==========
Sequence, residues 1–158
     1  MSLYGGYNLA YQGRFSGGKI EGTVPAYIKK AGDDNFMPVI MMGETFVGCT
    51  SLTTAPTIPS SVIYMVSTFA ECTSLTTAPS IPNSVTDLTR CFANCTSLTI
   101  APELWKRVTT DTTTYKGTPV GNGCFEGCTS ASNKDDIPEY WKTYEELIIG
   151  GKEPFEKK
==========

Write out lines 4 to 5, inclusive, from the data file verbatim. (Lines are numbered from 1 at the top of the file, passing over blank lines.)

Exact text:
   101  APELWKRVTT DTTTYKGTPV GNGCFEGCTS ASNKDDIPEY WKTYEELIIG
   151  GKEPFEKK